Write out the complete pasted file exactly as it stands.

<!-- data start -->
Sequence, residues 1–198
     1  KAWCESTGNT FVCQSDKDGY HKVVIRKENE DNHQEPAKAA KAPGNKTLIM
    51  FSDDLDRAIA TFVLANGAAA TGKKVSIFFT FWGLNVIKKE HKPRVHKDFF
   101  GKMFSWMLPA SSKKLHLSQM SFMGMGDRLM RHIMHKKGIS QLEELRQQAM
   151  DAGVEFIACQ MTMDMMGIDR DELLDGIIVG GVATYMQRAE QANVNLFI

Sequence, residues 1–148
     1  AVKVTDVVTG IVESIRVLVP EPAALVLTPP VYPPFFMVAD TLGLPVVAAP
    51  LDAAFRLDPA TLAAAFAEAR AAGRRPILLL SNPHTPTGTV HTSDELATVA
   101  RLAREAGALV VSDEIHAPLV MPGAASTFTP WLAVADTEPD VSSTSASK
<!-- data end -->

Sequence, residues 1–198
     1  KAWCESTGNT FVCQSDKDGY HKVVIRKENE DNHQEPAKAA KAPGNKTLIM
    51  FSDDLDRAIA TFVLANGAAA TGKKVSIFFT FWGLNVIKKE HKPRVHKDFF
   101  GKMFSWMLPA SSKKLHLSQM SFMGMGDRLM RHIMHKKGIS QLEELRQQAM
   151  DAGVEFIACQ MTMDMMGIDR DELLDGIIVG GVATYMQRAE QANVNLFI

Sequence, residues 1–148
     1  AVKVTDVVTG IVESIRVLVP EPAALVLTPP VYPPFFMVAD TLGLPVVAAP
    51  LDAAFRLDPA TLAAAFAEAR AAGRRPILLL SNPHTPTGTV HTSDELATVA
   101  RLAREAGALV VSDEIHAPLV MPGAASTFTP WLAVADTEPD VSSTSASK